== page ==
Each value is a result of three different experiments.
a-c Values with different superscript are significantly different, p<0.05.
Polymorphisms are determined by the banding patterns of primer-amplified products at specific positions (Tassanakajon et al., 1998; Nozaki et al., 2000; Yoon & Kim, 2001). Several researchers have studied the sizes of DNA fragments in the PCR profiles of five species of Eastern Pacific abalone (genus Haliotis) (Muchmore et al., 1998), black tiger shrimp (Penaeus monodon) (Tassanakajon et al., 1998), the brittle star (Amphiura filiformis) (McCormack et al., 2000) and wild shrimp populations (Yoon & Kim, 2003a). The specific primer proved useful in the identification of individuals and/or populations, resulting from variations in DNA polymorphisms among individuals/populations (Liu et al., 1998; Yoon & Kim, 2003b; Kim et al., 2004; Yoon & Kim, 2004; Kwun & Kim, 2010; Noh et al., 2016). The PCR method, using several primers, was applied to the identification of three endemic Spanish barbel species: Barbus bocagei, B. graellsii and B. sclateri (Callejas & Ochando, 1998). Results indicated that Barbus bocagei and B. graellsii were more closely related to each other than they were to B. sclateri. In this study, PCR analysis has revealed a significant genetic distance between two population/species couples. PCR enabled to detect the existence of population/species discrimination and genetic variation in two geographic populations of tonguesole. The hierarchical polar dendrogram indicates two main cluster 1 (GUNSAN 01–GUNSAN 11) and cluster 2 (ATLANTIC 12–ATLANTIC 22) from two geographic tonguesole populations.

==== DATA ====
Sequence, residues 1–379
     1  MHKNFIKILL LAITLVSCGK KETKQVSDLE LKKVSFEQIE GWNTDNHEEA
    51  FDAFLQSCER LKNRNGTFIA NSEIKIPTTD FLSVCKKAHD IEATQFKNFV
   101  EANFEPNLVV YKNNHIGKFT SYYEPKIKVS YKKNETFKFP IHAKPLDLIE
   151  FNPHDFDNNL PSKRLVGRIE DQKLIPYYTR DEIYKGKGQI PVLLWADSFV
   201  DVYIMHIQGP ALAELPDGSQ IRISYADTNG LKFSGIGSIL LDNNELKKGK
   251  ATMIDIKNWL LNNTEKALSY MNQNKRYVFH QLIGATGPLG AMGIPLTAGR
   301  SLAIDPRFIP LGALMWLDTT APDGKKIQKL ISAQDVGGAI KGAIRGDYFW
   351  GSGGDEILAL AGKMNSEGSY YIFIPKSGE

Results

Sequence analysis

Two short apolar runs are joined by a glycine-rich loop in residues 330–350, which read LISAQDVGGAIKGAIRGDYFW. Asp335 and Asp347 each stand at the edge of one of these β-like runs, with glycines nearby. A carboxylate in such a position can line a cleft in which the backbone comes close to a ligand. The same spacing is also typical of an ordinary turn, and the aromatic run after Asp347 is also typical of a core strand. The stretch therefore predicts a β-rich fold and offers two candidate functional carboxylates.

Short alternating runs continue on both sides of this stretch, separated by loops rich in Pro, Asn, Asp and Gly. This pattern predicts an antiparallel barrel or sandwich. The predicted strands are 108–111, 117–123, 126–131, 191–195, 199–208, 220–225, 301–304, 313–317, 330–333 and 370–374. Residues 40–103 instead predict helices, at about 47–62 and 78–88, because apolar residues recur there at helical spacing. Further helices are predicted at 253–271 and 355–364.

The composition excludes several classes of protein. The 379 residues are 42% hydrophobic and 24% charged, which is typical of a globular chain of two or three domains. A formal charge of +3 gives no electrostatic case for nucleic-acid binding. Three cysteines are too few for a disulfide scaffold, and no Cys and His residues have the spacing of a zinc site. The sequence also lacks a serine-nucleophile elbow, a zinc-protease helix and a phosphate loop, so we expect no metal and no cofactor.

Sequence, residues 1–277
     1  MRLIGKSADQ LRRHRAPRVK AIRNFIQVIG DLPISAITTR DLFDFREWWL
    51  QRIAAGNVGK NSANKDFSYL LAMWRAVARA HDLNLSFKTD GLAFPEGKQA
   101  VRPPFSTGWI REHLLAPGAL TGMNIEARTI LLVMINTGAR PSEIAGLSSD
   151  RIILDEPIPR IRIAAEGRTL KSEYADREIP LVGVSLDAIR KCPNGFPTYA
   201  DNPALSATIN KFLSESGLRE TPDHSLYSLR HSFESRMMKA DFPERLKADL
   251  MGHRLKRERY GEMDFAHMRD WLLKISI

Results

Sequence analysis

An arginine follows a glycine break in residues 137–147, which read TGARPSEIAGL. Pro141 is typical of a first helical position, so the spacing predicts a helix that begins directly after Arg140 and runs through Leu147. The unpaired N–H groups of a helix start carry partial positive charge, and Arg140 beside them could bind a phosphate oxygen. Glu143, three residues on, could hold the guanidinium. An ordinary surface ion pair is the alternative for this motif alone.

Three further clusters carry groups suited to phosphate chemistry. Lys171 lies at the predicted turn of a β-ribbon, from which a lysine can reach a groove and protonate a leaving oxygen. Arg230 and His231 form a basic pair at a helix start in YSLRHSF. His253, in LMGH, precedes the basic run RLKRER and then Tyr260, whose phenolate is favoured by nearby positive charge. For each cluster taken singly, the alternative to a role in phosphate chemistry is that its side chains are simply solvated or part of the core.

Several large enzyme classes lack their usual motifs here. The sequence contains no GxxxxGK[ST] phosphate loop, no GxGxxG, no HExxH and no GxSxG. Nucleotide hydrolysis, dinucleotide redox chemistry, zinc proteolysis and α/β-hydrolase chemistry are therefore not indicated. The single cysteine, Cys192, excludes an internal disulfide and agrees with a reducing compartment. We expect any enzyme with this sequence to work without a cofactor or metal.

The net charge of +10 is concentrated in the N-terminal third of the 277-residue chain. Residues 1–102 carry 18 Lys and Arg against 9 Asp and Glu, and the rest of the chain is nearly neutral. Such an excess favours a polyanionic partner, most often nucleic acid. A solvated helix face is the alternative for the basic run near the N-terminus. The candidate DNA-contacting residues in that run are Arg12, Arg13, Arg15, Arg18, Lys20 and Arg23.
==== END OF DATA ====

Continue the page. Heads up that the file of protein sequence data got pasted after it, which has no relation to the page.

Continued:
The shortest genetic distance displaying significant molecular difference was between individuals’ GUNSAN no. 02 and GUNSAN no. 01 (genetic distance=0.038). In the long run, individual no. 02 of the ATLANTIC tonguesole was most distantly related to GUNSAN no. 06 (genetic distance=0.958). These results demonstrate that the Gunsan tonguesole population is genetically different from the Atlantic tonguesole population. Phylogenetic relationships among 5 Haliotis species and one hybrid were conducted by calculation of the distance coefficient and construction of a phylogenetic tree based on PCR data (Kim et al., 2000). These branched off into two clusters: cluster I was formed by H. discus hannai, H. discus, H. gigantea, H. sieboldii, and the hybrid, which was subsequently re-divided into two sub-clusters. As mentioned above, the potential of PCR analysis to identify diagnostic markers for the identification of two tonguesole populations has been demonstrated. In teleost, a phylogenetic tree was constructed using UPGMA cluster analysis based on a total of 3,744 distinguishable fragments in gynogenetic clones from the silver crucian carp, Carassius auratus gibelio Block (Zhou et al., 2000). The inter-population similarity indices and genetic distance values indicated that the Jamuna-Padma population pair of the Indian major carp (Catla catla) was genetically closer than the Halda-Jamuna and the Halda-Padma population pairs, which agreed with the geographical distances between them (Islam et al., 2005). The two phylogenetic trees resulting from the neighbor-joining and parsimony analyses showed the same topology in distinguishing the Mullidae species (Mamuris et al., 1999). This confirms that the method is a suitable tool for DNA comparisons, both within and between individuals, species, and populations. As a rule, using various oligonucleotides primers, this PCR method has been applied to identify specific markers specific to species and geographical population, as well as genetic diversity/polymorphism in diverse species of organisms (McCormack et al., 2000; Yoon & Kim, 2003a; Kim et al., 2004; Kwun & Kim, 2010; Noh et al., 2016).